When It's Stanton, Run for Cover
This was a week to move to the back of the bullpen, away from the fence, when big Florida rookie Mike Stanton was in play. Wednesday at Los Angeles, Stanton hit a home run that barely cleared the left field fence and landed in the bullpen—or, more accurately, into an unoccupied catcher’s mitt placed on a folding chair. A day later in Phoenix, Arizona’s Kelly Johnson launched a drive towards the right field corner, and Stanton, playing the outfield, ran after it and barreled into a part of the fencing that doubled as the gate to the Florida bullpen; the impact jarred the door open and knocked teamate reliever Leo Nunez, seated right behind, ten feet to the ground with temporary ankle pain.

Wounded of the Week
This was a particularly bad week for starting pitchers to stay healthy, as many top-line hurlers went on the shelf, including Milwaukee ace Yovani Gallardo, Cincinnati’s Aaron Harang, Baltimore frontman Kevin Millwood, and the Chicago White Sox’ Jake Peavy—who’s out for the year with shoulder problems.

Perhaps the strangest injury-related moment on a major league ballfield this past week came when San Francisco reliever Dan Runzler, making his very first batting appearance in his two-year career, dislocated his kneecap after falling down on a swing. He’s expected to miss up to eight weeks.

If We Picked the All-Stars
The public and the managers have spoken, now it’s our turn. Below are our annual selections for who we believe should be starting at the All-Star game this Tuesday at Anaheim. Check out what Ed Attanasio and myself have made virtual chads from. —Eric

Catcher
American League
Eric’s pick: Joe Mauer, Minnesota
Ed’s pick: Joe Mauer, Minnesota
The fans’ pick: Joe Mauer, Minnesota
It’s a clean sweep to start, although arguments could easily be made for power backstoppers such as Toronto’s John Buck and Los Angeles of Anaheim’s Mike Napoli. In the end, however, it’s pretty obvious that Mauer, the reigning AL MVP, is the complete package.

National League
Eric’s pick: Brian McCann, Atlanta
Ed’s pick: Miguel Olivo, Colorado
The fans’ pick: Yadier Molina, St. Louis
Ed and I agree that this spot shouldn’t be reserved for Molina, who continues to be terrific defensively but has been poor (.220s) at the plate—but we split on who should start ahead of him. Ed likes Olivo, with offensive numbers (.317, 11 homers) to warrant a nod—but to me, Olivo’s .389 average at stat-happy Coors Field (compared to .215 on the road) is a problem. So I lean to McCann, who’s produced just as well without playing half his games a mile high.

First Base
American League
Eric’s pick: Justin Morneau, Minnesota
Ed’s pick: Miguel Cabrera, Detroit
The fans’ pick: Justin Morneau, Minnesota
I echo the fans’ choice with Morneau, who’s putting up MVP-like numbers. Opting for Cabrera, as Ed has, makes sense if you only count his offense; the Tiger slugger’s bane continues to be his defense, as he’s already committed nine errors (at first base!) this year.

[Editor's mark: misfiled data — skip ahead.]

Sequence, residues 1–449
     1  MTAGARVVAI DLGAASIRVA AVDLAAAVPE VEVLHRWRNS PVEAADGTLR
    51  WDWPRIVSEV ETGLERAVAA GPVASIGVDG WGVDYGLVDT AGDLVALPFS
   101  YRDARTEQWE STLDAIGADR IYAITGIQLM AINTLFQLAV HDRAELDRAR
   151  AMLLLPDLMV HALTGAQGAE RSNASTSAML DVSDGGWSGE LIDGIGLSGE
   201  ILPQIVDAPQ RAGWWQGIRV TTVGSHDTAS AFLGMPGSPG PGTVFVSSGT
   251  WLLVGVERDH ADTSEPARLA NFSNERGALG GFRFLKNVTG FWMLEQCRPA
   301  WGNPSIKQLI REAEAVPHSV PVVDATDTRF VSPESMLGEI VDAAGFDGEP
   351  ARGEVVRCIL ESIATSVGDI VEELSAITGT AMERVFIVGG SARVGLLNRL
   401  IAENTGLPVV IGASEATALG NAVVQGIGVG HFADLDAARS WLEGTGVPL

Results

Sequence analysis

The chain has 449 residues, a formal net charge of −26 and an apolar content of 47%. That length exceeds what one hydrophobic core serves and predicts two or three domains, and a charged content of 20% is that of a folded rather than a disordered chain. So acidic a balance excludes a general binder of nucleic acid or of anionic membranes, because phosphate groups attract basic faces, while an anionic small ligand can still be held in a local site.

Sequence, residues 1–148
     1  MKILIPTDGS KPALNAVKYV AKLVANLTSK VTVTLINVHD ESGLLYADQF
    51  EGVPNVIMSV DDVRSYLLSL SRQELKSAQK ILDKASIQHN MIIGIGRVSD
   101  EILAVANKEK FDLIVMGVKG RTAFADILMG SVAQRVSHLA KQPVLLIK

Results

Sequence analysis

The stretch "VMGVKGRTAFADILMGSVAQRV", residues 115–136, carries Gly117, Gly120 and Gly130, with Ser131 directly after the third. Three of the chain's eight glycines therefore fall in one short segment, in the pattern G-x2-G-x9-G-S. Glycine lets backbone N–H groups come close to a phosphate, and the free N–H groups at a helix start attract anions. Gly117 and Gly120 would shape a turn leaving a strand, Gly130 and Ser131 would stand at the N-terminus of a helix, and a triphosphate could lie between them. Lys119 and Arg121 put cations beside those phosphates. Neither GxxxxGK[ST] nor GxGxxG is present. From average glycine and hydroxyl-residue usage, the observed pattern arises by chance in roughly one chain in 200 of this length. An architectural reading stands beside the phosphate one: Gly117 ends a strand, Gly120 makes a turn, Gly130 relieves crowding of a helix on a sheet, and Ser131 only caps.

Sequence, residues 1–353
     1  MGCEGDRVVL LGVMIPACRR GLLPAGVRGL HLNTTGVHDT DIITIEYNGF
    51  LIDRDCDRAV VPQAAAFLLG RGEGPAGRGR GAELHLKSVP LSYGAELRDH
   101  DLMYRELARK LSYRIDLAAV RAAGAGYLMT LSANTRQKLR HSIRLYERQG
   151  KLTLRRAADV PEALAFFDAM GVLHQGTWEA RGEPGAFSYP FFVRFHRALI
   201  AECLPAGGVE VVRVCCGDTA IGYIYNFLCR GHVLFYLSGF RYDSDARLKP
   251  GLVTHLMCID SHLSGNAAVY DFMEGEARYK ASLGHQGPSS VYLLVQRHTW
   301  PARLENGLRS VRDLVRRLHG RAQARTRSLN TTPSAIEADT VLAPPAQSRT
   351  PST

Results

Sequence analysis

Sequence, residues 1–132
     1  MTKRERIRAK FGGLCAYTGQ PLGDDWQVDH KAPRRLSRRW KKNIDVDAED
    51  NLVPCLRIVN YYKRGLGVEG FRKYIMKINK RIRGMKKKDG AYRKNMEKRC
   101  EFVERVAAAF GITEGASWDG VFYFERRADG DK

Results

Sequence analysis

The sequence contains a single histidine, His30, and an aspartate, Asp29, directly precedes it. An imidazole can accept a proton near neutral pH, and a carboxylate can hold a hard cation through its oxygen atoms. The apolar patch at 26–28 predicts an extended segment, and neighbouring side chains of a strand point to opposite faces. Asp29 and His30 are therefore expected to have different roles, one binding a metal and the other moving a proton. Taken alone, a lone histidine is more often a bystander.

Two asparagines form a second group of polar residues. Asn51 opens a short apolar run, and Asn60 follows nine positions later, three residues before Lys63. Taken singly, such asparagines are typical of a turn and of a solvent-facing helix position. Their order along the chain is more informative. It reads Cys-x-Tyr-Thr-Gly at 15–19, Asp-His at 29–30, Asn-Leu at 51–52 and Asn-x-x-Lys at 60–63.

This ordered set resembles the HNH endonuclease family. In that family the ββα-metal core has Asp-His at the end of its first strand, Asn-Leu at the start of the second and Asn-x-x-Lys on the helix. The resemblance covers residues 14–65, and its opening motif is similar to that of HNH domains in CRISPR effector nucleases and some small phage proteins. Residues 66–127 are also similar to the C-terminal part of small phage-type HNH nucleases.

National League
Eric’s pick: Albert Pujols, St. Louis
Ed’s pick: Albert Pujols, St. Louis
The fans’ pick: Albert Pujols, St. Louis
Even in the face of superlative competition (Joey Votto, Ryan Howard, Adrian Gonzalez), Pujols still gets the edge with his overall game.

Second Base
American League
Eric’s pick: Robinson Cano, New York
Ed’s pick: Robinson Cano, New York
The fans’ pick: Robinson Cano, New York
The easiest choice. Only Dustin Pedroia be seen in Cano’s rear view mirror as far as the competition is involved, and only distantly.

National League
Eric’s pick: Martin Prado, Atlanta
Ed’s pick: Martin Prado, Atlanta
The fans’ pick: Chase Utley, Philadelphia
A close call, with many fans expectedly going with Utley as the default. But Ed and I both admire Prado’s tenacity (batting .329 and leading the majors in hits) that has made life difficult for opposing pitchers.

Shortstop
American League
Eric’s pick: Derek Jeter, New York
Ed’s pick: Alex Gonzalez, Toronto
The fans’ pick: Derek Jeter, New York
Usually Jeter gets in on pure name recognition, but this is one year where he deserves the honor, clicking at the plate and displaying stellar defense. Ed sides with Gonzalez, who easily (and surprisingly) possesses the best power (17 homers) of any AL player at this position.

National League
Eric’s pick: Troy Tulowitzki, Colorado
Ed’s pick: Hanley Ramirez, Florida
The fans’ pick: Hanley Ramirez, Florida
The dynamic Ramirez has shown little to suggest he doesn’t deserve the starter spot, but I like what Tulowitzki (who can’t play the All-Star Game anyway because of a broken wrist) has done at the plate and in the field with his incredible range and terrific glovework.

Third Base
American League
Eric’s pick: Adrian Beltre, Boston
Ed’s pick: Evan Longoria, Tampa Bay
The fans’ pick: Evan Longoria, Tampa Bay
Tough call here, with Ed agreeing with the fans in the choice of Longoria. (And hey, isn’t it a kick that he got more votes than Alex Rodriguez?) Beltre tips the scale for me due to his outstanding .332 average with good muscle.

National League
Eric’s pick: David Wright, New York
Ed’s pick: David Wright, New York
The fans’ pick: David Wright, New York